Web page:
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McHenry County teachers test kindergarten assessment program

Published: Saturday, March 9, 2013 5:30 a.m. CDT • Updated: Sunday, March 10, 2013 12:45 a.m. CDT
Caption
(Sarah Nader)
Sarah Nader - snader@shawmedia.com Kindergarten student Henry Brietzke, 6, of Woodstock listens to his teacher while in class Thursday at Verda Dierzen Early Learning Center. Woodstock D-200, Hebron D-19 and Marengo D-165 are part of a new pilot project called Kindergarten Individual Development Survey, which will assess the school readiness of individual kindergarten students while serving as a baseline to develop more effective classroom instruction. The program will be implemented statewide in 2015-2016.

WOODSTOCK – Trent Wilson, 6, is laying out a sentence near a corner of Kelly Carlson’s kindergarten class at Verda Dierzen Early Learning Center, placing color-coded index cards in clear pouches on an easel.

His partner has disappeared into the visible, audible buzz of a young classroom awaiting dismissal. Wilson, who’s at the silly sentence station during a Thursday afternoon rotation of activities, presents his creation to Ms. Carlson: “My dog is on the sun.”

Objective achieved.

Carlson will take note – in her mind now, on paper later – of how Wilson and his peers are performing academically, how they interact with each other, how they’re progressing socially and emotionally. She is one of a few McHenry County teachers working out the kinks of a new statewide kindergarten assessment program in its pilot stage this year.

The Kindergarten Individual Development Survey (KIDS) is debuting in 64 Illinois school districts this year, including Woodstock District 200, Marengo District 165 and Hebron District 19. The program – set for implementation statewide in 2015-16 – is meant to assess school readiness and identify gaps in individual kindergarten students’ development while providing educators with a better understanding of the needs of the age group as a whole.

“You can say, ‘OK, I can speed up some of my teaching’ or ‘I need to go back and re-teach,’ or ‘I need to group kids this way now,’” said Kim Qualls, principal at Alden-Hebron Elementary School. “So I think it gives the teachers a lot of data to make better decisions about teaching.”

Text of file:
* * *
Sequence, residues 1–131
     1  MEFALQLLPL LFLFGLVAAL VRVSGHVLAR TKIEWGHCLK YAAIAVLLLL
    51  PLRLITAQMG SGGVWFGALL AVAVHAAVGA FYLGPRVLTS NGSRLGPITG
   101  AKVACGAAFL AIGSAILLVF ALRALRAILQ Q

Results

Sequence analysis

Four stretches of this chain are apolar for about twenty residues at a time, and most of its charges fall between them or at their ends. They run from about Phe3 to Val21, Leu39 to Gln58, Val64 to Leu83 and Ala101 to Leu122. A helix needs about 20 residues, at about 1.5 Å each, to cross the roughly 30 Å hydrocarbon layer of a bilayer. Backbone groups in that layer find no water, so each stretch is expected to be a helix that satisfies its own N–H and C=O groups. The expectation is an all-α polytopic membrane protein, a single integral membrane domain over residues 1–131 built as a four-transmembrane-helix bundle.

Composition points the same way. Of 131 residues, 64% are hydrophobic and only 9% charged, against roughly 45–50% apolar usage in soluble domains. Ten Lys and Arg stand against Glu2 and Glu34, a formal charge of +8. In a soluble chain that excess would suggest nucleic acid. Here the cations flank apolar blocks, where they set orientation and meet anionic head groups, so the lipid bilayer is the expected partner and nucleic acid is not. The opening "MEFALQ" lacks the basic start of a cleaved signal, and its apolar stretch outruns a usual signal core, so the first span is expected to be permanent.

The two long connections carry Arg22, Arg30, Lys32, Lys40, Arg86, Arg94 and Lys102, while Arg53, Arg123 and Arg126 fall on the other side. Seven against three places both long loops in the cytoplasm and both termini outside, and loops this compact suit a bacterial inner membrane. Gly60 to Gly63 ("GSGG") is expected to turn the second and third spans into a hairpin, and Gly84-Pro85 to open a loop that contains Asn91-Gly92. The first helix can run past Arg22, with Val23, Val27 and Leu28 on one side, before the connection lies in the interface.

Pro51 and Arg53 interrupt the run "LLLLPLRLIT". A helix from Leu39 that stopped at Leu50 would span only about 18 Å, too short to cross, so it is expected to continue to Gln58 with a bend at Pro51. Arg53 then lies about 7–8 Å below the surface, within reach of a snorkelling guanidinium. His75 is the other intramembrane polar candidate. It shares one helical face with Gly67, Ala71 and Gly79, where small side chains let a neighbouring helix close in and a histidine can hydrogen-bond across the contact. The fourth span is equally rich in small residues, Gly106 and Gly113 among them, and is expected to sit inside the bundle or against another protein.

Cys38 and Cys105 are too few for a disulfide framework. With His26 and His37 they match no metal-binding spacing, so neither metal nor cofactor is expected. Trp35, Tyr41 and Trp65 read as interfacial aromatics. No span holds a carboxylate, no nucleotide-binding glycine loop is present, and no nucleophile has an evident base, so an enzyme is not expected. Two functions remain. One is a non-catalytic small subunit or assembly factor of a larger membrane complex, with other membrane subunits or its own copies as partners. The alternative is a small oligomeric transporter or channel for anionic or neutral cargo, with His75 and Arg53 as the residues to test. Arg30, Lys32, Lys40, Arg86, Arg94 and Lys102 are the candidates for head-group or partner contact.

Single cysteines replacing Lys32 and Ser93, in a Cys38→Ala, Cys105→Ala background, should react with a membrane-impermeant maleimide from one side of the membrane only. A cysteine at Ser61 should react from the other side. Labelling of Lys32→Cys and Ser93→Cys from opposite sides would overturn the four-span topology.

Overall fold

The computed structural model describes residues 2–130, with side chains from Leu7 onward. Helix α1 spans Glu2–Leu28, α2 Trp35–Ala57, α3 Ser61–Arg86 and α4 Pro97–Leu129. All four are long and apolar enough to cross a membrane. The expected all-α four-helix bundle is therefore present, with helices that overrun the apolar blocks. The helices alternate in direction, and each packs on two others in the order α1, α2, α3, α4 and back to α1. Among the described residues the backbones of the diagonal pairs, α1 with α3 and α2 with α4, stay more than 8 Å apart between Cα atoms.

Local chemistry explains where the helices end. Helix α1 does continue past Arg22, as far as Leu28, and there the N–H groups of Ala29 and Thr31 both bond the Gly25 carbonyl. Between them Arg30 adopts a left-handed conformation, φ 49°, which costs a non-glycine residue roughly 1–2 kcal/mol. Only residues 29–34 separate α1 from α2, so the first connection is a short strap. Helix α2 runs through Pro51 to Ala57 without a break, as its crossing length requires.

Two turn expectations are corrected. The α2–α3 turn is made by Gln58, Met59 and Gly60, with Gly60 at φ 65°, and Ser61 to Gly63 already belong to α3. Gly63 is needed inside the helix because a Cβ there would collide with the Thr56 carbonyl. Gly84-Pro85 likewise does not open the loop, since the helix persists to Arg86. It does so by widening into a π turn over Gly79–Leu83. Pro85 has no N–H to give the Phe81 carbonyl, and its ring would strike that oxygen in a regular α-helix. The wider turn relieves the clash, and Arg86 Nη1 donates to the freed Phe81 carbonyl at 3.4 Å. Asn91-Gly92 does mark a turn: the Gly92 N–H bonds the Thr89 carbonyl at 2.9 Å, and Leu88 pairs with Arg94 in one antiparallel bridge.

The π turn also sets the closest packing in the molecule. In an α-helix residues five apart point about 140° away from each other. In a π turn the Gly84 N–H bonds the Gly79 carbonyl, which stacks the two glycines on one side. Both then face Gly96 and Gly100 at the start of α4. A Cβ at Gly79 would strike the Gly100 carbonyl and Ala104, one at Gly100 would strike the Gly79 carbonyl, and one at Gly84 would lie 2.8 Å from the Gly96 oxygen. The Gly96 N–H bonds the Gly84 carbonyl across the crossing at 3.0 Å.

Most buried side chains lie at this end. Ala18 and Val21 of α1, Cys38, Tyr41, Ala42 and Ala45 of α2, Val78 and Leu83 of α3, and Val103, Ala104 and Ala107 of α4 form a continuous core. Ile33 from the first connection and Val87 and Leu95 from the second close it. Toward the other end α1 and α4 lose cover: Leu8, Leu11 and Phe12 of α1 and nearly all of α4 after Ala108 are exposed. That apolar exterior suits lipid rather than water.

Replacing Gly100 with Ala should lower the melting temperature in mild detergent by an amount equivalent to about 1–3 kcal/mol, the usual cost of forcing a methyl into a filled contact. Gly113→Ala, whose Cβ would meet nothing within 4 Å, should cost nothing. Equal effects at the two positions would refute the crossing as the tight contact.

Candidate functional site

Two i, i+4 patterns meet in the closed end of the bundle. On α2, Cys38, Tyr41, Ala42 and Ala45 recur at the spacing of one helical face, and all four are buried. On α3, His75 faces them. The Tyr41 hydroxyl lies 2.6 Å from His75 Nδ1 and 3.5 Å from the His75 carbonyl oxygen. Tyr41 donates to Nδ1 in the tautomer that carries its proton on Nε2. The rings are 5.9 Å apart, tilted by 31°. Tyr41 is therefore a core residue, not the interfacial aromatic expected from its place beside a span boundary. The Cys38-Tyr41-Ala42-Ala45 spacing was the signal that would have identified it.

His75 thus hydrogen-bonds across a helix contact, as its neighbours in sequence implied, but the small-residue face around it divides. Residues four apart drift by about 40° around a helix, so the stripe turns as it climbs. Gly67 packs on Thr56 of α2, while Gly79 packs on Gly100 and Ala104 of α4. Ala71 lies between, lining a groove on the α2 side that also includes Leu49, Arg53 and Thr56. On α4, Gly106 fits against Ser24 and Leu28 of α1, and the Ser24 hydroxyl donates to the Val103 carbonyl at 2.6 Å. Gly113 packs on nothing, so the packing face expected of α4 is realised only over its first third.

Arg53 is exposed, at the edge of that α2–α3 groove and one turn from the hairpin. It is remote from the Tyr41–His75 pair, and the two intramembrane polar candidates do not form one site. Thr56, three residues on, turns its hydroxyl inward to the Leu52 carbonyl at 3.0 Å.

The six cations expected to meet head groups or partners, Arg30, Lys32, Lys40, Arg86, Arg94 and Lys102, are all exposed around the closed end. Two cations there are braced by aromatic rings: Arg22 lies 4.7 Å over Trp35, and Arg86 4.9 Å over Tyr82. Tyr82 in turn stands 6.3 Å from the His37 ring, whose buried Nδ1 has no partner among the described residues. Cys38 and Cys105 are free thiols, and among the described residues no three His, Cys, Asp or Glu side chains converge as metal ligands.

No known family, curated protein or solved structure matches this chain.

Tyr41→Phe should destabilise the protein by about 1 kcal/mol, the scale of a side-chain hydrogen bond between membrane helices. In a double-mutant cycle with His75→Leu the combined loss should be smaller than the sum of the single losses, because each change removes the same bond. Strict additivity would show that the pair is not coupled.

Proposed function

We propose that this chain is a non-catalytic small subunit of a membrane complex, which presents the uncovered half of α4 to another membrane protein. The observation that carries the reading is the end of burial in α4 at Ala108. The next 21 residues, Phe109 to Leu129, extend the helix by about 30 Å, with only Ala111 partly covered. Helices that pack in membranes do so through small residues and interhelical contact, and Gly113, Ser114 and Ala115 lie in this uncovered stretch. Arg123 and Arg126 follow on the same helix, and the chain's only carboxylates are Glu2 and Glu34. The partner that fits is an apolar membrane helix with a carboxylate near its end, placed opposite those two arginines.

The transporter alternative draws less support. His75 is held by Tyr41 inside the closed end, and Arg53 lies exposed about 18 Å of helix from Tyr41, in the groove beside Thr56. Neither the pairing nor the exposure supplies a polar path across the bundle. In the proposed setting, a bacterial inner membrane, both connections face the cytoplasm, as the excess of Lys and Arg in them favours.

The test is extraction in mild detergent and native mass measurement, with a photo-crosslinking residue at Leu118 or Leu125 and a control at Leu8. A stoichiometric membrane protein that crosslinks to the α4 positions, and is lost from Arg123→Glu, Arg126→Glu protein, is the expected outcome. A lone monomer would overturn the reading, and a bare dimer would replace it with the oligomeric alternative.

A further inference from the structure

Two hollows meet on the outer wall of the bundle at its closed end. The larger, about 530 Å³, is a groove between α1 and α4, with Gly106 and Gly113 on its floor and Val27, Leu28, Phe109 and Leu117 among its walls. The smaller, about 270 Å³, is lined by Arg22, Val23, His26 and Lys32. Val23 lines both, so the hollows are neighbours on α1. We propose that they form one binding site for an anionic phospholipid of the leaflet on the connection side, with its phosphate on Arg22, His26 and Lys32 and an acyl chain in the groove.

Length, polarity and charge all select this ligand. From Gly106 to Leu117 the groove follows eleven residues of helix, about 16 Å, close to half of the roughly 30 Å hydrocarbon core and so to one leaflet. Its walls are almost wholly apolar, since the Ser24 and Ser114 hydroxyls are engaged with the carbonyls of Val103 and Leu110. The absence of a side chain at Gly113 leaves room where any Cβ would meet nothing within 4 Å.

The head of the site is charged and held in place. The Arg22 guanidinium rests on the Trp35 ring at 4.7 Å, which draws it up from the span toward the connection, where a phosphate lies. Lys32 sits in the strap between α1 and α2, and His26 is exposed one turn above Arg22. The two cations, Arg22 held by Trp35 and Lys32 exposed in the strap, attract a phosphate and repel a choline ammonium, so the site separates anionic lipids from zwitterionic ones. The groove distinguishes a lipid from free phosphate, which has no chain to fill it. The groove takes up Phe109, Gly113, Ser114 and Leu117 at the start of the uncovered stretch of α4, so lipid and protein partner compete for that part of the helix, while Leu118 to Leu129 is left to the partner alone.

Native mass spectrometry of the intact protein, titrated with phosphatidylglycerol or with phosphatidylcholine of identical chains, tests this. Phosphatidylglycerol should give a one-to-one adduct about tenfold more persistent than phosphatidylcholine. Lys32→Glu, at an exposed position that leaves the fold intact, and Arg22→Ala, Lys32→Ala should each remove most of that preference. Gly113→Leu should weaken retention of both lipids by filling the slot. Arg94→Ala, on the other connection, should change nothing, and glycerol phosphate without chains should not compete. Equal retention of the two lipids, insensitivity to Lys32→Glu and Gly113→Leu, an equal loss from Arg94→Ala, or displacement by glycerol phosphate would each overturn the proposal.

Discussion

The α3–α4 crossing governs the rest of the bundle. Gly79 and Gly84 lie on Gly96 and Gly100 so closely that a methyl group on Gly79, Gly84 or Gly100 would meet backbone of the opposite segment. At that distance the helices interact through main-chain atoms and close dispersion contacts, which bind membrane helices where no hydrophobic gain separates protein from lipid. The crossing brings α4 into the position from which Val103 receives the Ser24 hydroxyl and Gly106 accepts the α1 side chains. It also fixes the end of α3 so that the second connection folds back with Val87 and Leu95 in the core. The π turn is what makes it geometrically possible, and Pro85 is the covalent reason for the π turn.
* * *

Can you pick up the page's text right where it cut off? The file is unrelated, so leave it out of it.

Many kindergarten teachers in the local districts participating in the pilot have yet to receive KIDS training, but some, like Carlson, are figuring out just how the program will affect day-to-day activity.

Assessing students is nothing new, but the KIDS approach has teachers looking not only at math, language and literacy development of their students, but also evaluating self-regulation and social development. The survey’s fifth domain, English language development, applies only to students learning English as a second language. Students are evaluated on four to seven “measures” within each domain.

Teachers fill out the survey for each student three times a year, but its detailed nature requires a commitment to daily evaluation, Carlson said. Students now are placed in groups of two, rather than five or six, to allow Carlson to better observe individuals.

“Throughout our whole day, we’re constantly looking at it,” Carlson said of the survey. She takes notes on students daily and collects assignments throughout the year for a portfolio.

“It’s an ongoing thing,” Verda Dierzen Principal Tricia Bogott said. “It’s not going to be, one day she sits down and gets all these measures done.”

Verda Dierzen teachers will meet later this month to formalize a way of putting those daily notes together, Carlson said. So far, seven of the school’s 20 kindergarten teachers are trained for the KIDS program.

In Hebron, the elementary school’s two kindergarten teachers will be trained by the end of the year. Qualls said there’s no doubt the program will alter the daily activities of a kindergarten classroom – a positive development overall, she said, but one that might come with a negative side effect.

“We have to move kids quicker,” she said. “I think a lot of things get left out in kindergarten. Learning through play and some of those other sorts of things ... maybe they won’t be exposed to now.”

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